Unfolding crime scenes or their aftermath occupy a decent portion of the exhibit. In her series Dirty Windows (1993–’94), Merry Alpern used a telephoto lens to document cocaine use, blow jobs, and copulation in a Wall Street sex club. Illicit trysts are tenderly framed by a begrimed bathroom window and do not cater toward prurient interests so much as emphasize the transactional nature of such intimate acts. Although the faces of the prostitutes are mainly blocked by the window, the granularity and removed quietude of the compositions give an impression of anonymous portraits, perhaps. Yet one can’t help but feel like a voyeur. Why must these sexual crimes and subjugations of real people be frozen forever in film? This is not an indictment of Alpern — the moral ambiguity of Dirty Windows may be its greatest attribute. And despite the major differences involved, who could have predicted the subtle political undertones this artistic espionage assumed after Bill Clinton’s own sexual spectacle two years later, glimpsed through the dirty panes of national media coverage? Eternal loneliness and constant surveillance — the twin anxieties of our postindustrial society — prove compatible, possibly irresolvable, fears.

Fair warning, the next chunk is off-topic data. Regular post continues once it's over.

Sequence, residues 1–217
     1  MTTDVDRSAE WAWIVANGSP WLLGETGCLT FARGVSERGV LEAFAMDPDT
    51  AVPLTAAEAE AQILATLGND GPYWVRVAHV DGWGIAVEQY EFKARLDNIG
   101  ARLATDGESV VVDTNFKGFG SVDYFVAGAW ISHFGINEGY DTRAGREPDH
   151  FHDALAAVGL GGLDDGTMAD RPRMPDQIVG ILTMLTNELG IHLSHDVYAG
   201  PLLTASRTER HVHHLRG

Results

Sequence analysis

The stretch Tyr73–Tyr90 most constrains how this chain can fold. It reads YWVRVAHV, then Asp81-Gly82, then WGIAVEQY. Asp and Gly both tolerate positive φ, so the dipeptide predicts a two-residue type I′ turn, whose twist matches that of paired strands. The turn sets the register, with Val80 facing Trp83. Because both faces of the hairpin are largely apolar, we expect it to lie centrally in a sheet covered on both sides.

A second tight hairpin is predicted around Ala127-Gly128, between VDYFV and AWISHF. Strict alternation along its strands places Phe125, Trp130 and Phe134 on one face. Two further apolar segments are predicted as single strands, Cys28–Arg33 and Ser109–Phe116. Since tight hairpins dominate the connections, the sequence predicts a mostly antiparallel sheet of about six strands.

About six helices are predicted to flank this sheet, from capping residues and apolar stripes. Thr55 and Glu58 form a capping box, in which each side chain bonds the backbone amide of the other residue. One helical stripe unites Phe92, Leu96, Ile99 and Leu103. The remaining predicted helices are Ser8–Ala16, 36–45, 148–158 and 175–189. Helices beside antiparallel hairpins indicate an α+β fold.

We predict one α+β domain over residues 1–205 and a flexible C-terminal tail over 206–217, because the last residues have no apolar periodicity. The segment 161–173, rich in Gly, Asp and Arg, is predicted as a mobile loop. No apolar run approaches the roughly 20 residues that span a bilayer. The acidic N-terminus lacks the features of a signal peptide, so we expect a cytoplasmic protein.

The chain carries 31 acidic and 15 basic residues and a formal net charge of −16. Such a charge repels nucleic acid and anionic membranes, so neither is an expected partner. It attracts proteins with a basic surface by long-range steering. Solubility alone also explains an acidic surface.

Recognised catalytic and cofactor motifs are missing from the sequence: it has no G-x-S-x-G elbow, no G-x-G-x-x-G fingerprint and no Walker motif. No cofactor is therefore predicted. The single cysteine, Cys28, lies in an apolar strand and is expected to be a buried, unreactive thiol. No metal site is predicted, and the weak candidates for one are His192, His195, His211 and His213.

Other images in the main room include small 20th-century mug shots of Mexican criminals dating from the 1950s to the 1970s, found by Stefan Ruiz in Mexico City and presented in a monotonous rhythm along a wall, their crimes either handwritten below their faces in Spanish or left blank. Whether the unnamed (or even the named) are killers, thieves, pedophiles, or innocent remains unknown. Nearby hang Larry Clark’s famous Tulsa photographs (1963–’71) of heroin addicts, which emanate sickening regret and a troubling glee.